By Bob Garver
“Lawless” is one of those movies where the supporting characters are halfway interesting and the main character is in no way interesting. In the early moments of the film you’ll meet intriguing characters played by Tom Hardy, Guy Pearce, Jessica Chastain, and Gary Oldman. You’ll also meet a little runt played by Shia LaBeouf, trying to show that he’s grown up from the “Transformers” franchise. You know LaBeouf’s character is the main character because his name comes first on all the posters. But you don’t yet know the ratio of screen time for all the characters. You figure that maybe the supporting players will have roles juicy enough to carry him and that “Lawless” may go down as a memorable ensemble piece. No such luck. The focus of the film is very much on LaBeouf and there’s not much that the better actors can do to save it.
LaBeouf plays Jack Bondurant, youngest of three brothers running a bootleg moonshining operation in Prohibition-era Virginia. He’s constantly in the shadow of his older, tougher brothers Howard (Jason Clarke) and Forrest (Hardy). Forrest in particular is a revered local figure with a series of tall tales of greatness that follows him everywhere. People say that Hardy’s voice as Bane in “The Dark Knight Rises” reminded them of the James Bond villain Goldfinger. His voice here reminds me of Buffalo Bill in “The Silence of the Lambs”. I kept expecting him to tell someone to put the lotion in the basket. Jack wants to become a more integral part of his brothers’ operation, and basically decides that if he can’t be one of the tough ones, he’ll be the smart one. Spend some time with Jack and you’ll realize that he isn’t cut out for that role either.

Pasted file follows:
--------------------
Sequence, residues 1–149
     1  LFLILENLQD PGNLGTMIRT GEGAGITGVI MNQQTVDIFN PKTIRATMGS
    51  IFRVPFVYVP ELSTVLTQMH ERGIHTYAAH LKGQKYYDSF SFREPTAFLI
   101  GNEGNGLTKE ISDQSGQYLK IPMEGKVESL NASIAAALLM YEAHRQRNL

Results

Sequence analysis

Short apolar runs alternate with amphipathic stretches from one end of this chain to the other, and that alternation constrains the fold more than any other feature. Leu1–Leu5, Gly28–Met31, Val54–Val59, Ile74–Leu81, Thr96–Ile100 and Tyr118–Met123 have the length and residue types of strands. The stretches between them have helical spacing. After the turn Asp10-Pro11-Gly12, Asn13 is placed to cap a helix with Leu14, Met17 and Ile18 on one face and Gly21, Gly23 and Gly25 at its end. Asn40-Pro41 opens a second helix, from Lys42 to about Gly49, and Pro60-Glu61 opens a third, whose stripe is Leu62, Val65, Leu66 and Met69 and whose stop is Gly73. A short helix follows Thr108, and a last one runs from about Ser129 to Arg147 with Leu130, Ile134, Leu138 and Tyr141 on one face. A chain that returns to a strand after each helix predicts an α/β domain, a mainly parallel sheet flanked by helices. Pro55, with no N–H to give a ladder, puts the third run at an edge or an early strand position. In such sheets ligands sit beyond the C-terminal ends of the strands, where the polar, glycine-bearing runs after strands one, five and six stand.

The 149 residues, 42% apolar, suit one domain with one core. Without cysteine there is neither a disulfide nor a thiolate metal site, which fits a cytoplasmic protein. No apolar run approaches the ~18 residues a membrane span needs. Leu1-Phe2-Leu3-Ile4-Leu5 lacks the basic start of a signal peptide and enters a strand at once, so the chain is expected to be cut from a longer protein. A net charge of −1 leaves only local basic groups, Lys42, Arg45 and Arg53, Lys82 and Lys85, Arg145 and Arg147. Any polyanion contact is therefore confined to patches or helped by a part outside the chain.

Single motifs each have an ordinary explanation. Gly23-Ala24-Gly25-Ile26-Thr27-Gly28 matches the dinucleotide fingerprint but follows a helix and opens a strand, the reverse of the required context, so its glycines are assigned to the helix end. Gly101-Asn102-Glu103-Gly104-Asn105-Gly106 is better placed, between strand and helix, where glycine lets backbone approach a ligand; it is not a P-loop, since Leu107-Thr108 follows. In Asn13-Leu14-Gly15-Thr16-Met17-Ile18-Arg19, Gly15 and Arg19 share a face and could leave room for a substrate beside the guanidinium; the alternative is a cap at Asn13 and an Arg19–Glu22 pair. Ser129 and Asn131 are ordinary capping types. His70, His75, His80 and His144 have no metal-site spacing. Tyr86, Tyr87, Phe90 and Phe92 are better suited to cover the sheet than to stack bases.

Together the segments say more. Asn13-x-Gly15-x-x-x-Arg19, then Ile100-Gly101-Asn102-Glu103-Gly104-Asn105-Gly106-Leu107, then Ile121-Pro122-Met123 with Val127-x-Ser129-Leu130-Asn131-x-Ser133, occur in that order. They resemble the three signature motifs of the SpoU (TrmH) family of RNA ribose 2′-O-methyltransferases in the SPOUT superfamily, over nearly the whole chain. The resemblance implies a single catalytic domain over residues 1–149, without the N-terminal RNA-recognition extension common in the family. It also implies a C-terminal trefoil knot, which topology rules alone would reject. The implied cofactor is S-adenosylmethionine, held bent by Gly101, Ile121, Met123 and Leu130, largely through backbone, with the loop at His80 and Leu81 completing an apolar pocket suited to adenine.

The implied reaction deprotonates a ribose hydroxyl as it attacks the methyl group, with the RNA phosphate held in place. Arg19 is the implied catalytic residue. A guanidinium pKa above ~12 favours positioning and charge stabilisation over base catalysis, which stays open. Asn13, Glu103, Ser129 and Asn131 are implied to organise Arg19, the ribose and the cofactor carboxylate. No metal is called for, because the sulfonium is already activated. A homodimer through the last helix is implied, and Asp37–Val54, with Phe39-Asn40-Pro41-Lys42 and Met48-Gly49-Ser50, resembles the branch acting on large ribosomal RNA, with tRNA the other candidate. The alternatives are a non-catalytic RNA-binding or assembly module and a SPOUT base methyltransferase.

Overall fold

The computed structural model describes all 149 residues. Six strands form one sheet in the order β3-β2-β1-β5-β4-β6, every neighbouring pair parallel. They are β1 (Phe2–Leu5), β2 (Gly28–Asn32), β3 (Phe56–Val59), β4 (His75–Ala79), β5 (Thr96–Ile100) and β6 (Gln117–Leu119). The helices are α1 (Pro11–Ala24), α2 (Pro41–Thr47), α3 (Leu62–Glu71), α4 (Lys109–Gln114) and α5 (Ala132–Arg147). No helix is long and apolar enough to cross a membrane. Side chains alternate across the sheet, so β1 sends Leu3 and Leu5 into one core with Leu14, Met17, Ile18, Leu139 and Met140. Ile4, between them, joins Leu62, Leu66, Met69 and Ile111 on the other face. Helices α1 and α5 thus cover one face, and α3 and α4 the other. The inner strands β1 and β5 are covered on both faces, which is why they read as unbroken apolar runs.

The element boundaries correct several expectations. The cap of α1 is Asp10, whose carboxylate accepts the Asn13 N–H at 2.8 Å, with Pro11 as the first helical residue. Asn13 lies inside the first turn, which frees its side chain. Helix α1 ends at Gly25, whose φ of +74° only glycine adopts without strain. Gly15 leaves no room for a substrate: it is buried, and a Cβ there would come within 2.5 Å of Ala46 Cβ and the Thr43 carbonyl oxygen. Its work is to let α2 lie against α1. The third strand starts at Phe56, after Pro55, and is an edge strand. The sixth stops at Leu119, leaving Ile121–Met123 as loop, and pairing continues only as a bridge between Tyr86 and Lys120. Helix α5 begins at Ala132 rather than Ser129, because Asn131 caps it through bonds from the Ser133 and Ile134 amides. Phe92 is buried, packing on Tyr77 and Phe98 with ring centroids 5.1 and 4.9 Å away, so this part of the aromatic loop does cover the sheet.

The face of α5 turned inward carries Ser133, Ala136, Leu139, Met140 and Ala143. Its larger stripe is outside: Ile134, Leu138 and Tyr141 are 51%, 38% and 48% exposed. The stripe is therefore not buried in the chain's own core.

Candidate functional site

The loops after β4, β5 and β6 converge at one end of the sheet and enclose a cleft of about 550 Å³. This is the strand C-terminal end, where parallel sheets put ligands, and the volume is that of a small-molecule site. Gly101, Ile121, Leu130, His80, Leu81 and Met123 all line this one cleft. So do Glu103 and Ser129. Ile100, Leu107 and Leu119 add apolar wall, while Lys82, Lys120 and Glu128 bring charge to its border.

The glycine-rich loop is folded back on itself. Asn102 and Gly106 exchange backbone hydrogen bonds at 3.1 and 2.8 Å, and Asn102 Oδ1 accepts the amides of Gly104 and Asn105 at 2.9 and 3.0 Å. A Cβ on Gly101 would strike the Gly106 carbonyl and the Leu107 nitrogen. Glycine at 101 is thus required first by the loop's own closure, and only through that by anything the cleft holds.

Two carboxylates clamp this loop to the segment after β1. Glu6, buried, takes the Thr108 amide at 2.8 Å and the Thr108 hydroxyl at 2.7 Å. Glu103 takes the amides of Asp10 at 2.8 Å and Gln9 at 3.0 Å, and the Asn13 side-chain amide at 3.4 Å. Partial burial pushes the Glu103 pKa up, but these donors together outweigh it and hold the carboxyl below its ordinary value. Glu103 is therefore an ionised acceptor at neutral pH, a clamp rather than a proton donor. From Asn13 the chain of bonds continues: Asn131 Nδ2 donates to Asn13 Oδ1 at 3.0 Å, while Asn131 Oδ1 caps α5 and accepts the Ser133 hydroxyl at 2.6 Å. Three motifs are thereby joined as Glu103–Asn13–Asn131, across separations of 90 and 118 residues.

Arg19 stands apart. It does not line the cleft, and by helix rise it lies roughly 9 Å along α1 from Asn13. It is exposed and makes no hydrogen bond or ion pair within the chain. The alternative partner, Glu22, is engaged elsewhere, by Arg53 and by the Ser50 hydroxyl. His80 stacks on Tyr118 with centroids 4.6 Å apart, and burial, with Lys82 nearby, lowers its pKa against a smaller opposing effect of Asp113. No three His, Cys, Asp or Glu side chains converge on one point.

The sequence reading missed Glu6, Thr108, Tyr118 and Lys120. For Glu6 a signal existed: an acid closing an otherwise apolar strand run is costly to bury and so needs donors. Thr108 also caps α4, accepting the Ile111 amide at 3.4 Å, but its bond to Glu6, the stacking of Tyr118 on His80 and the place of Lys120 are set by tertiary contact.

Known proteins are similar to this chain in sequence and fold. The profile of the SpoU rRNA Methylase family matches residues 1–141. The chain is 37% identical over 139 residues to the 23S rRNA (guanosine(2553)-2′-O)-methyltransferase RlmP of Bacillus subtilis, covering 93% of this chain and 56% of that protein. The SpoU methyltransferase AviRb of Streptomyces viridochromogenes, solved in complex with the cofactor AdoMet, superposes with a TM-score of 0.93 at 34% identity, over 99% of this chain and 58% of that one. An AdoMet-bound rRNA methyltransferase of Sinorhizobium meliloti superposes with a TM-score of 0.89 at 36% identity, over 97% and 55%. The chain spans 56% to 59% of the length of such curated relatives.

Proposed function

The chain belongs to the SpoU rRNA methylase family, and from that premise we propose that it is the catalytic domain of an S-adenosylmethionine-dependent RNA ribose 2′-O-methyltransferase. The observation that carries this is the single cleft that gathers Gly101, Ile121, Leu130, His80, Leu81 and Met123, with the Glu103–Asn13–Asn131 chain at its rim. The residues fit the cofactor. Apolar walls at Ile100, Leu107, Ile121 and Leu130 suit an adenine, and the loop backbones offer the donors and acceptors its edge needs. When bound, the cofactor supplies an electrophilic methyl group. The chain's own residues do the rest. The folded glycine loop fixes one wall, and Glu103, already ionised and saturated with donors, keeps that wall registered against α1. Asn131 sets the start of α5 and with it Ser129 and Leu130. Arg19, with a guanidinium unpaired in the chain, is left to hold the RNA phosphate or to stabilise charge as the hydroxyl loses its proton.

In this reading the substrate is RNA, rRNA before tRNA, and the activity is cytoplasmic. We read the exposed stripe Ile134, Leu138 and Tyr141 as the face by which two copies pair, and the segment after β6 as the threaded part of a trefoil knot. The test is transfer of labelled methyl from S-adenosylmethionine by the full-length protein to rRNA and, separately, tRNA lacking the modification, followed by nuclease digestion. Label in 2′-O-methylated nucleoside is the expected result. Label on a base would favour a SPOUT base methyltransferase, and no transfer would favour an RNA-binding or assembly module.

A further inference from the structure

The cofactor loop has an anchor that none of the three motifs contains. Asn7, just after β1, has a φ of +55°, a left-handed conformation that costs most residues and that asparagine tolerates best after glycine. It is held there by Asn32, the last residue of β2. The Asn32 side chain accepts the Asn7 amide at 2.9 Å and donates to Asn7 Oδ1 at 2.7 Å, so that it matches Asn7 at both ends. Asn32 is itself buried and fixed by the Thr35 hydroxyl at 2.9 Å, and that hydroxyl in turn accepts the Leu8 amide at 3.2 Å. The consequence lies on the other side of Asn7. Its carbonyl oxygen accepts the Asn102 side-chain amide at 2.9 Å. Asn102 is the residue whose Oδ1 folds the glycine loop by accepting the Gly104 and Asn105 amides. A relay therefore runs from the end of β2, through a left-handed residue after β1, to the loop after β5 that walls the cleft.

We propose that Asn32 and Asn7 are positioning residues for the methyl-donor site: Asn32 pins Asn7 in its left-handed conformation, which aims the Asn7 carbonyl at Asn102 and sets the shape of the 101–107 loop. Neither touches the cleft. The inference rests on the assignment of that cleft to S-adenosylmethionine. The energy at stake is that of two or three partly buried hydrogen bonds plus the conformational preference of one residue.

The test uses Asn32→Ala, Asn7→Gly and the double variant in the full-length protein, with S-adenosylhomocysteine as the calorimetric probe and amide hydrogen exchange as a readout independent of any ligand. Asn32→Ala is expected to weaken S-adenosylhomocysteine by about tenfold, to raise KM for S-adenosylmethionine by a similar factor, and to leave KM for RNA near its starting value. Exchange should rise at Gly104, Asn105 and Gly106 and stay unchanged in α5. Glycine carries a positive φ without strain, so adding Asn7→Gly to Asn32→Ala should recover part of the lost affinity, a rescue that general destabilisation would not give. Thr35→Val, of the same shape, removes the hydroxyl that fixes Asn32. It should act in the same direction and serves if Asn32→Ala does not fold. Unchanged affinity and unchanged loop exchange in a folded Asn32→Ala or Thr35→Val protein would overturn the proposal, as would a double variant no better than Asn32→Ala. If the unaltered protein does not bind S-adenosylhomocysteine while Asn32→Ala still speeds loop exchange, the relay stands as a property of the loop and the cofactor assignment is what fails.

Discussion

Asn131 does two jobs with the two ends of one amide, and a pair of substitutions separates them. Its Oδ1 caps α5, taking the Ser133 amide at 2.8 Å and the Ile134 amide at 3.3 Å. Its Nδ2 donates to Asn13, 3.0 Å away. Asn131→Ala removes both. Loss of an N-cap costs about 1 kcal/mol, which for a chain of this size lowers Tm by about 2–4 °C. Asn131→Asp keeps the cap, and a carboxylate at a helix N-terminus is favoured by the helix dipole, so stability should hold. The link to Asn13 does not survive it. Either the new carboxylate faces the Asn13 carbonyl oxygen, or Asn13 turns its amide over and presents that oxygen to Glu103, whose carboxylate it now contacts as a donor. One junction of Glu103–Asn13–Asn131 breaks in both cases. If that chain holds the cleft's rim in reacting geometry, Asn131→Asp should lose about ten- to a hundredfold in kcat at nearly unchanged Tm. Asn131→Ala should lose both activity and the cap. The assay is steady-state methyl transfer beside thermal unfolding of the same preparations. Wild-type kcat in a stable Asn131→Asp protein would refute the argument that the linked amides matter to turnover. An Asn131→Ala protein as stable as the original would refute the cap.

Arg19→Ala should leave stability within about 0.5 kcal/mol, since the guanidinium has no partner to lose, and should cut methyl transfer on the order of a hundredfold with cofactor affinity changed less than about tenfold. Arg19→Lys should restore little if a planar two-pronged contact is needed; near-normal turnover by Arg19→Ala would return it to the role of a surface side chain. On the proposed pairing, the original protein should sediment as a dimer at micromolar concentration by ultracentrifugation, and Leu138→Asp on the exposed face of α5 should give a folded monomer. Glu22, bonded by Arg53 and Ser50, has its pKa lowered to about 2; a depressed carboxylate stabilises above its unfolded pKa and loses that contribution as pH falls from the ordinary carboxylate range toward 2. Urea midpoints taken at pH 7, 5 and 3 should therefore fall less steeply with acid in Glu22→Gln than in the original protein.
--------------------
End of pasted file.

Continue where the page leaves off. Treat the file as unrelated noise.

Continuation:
The operation is threatened by the arrival of Charlie Rakes (Guy Pearce), a crooked big-city lawman who is willing to let local liquor suppliers do business as long as he can profit from it. Rakes himself is terribly sleazy, his oily hair is sleazier, and somehow his elitist bowtie is sleaziest. He and the brothers get crossways and Forrest is taken down. Jack decides that it’s up to him to save the business, and he sells a mass order to a celebrity mobster (Gary Oldman, whose role is glorified cameo). Jack soon fancies himself a loveable outlaw and enjoys the high life until Rakes rattles him with violent consequences.
There are not one but two romantic subplots in the film, the more enjoyable of which is between Forrest and a waitress named Maggie (Jessica Chastain). Chastain is her usual spunky self and she certainly makes up for the fact that Forrest doesn’t have a romantic bone in his body (though he’s perfectly willing to beat people up in her honor). Less appealing is the relationship between Jack and a preacher’s daughter (Mia Wasikowska). I cannot for the life of me understand what a right proper girl like her sees in an arrogant criminal like Jack, except of course that it’s guaranteed to aggravate Daddy.
There’s really no good reason for “Lawless” to center around Jack Bondurant instead of Forrest Bondurant. Even when Forrest isn’t on screen, the other characters are talking about him, spreading his legend. There should be a memorable one-on-one showdown between him and Rakes, but the problem is that Jack is always in the way. It isn’t really Shia LaBeouf’s fault that Jack is written as such an annoying “little brother” archetype, though he could have afforded to bring more charm to his romantic scenes. Jack isn’t fit to date a nice girl, he isn’t fit run the family business, he isn’t fit to get in a fight or a shootout, and he isn’t fit to carry “Lawless”.
Two Stars out of Five.
“Lawless” is rated R for strong bloody violence, language and some sexuality/nudity. Its running time is 116 minutes.